State health officials have learned that six pelicans nesting at a waterfowl refuge in northeastern Montana have tested positive for West Nile virus. The discovery represents the first signs of the virus documented in the state this year.
Employees of the Medicine Lake National Wildlife Refuge reportedly discovered the dying birds July 19, 2004 on the refuge. They sent the bodies to the USGS National Wildlife Health Center in Madison, Wis., for diagnostic testing.
Scientists at the center completed tests early this week and shared results with officials at the Montana Department of Public Health and Human Services (DPHHS).
All six birds were nestlings, born this summer, according to Kathryn Converse, a wildlife disease specialist with the USGS facility. She said 2,000 pelicans at the refuge succumbed to the West Nile virus last year.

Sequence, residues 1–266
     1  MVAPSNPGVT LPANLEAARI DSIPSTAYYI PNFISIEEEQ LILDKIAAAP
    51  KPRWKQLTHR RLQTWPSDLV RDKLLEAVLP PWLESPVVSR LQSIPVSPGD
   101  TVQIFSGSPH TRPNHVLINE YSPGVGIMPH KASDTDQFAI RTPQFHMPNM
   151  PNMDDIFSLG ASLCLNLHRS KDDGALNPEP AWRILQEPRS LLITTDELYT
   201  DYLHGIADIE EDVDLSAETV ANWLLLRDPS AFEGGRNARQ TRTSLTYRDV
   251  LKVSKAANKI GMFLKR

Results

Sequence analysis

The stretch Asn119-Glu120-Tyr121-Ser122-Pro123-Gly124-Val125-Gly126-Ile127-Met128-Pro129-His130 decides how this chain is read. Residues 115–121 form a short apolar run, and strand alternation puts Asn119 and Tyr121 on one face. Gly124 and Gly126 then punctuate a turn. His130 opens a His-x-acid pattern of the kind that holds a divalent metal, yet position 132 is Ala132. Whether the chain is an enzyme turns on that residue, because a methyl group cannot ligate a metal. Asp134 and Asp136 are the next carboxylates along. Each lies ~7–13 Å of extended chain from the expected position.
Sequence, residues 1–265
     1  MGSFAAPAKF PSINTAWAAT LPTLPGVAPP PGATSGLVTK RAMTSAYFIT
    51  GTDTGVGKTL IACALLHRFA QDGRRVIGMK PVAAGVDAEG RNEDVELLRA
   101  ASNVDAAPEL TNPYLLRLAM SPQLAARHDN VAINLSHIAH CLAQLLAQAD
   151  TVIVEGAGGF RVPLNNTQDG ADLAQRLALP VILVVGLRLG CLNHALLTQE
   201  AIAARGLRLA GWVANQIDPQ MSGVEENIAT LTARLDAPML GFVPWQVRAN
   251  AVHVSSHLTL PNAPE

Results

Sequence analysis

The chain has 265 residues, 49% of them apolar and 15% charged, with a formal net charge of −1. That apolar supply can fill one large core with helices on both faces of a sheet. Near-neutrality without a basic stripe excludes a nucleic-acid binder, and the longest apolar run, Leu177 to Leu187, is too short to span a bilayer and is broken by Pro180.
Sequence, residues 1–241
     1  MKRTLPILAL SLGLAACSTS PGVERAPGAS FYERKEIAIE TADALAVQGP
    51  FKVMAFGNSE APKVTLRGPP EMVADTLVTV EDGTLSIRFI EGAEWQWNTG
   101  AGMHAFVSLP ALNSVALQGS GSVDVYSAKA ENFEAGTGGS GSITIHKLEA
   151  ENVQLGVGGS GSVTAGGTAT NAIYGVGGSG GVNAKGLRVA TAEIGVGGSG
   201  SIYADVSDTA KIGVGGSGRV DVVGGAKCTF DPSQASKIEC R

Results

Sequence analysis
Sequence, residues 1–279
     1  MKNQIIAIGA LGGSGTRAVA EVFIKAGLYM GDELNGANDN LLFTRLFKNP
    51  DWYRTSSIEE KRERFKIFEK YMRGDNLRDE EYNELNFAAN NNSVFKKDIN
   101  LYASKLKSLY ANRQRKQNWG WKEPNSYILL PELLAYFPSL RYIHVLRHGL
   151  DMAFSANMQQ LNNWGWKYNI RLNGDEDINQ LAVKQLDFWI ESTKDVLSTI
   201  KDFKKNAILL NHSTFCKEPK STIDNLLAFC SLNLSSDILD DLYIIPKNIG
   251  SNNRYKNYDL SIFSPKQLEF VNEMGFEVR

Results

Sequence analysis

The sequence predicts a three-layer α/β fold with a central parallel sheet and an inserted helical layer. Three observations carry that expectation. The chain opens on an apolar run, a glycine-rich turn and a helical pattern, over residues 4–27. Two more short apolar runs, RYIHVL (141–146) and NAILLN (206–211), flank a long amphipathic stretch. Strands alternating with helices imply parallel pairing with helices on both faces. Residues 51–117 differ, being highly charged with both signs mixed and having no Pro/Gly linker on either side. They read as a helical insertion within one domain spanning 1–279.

The identification of the virus in these birds means the West Nile season is officially open in Montana, said Jim Murphy, a disease surveillance specialist with DPHHS.
West Nile virus is carried primarily by birds but can be transmitted to humans by mosquitoes. It was first isolated in Africa in 1937. The first documented case in the United States occurred in New York in 1999, and the disease has since spread westward into nearly every state.
The first two documented human cases of the virus in Montana occurred in 2002, in Yellowstone and Rosebud counties. In 2003, the total number of cases in humans rose to 228, with four deaths reported. All were east of the Continental Divide. State health officials have expected the disease to hit western Montana this summer.
Although the virus can cause serious illness in humans, about 80 percent of people who are infected notice no symptoms and develop immunity. About 20 percent experience mild flu-like symptoms. About 1 in 150 people infected with West Nile develop severe illness, and about one in 1,000 cases is fatal. People over the age of 50 are at greatest risk of serious illness.
In Montana, most cases of West Nile virus have occurred in August and September, when mosquitoes are active. Last year, 95 percent of reported cases occurred in those two months, according to Murphy.
Source: Montana Department of Public Health and Human Services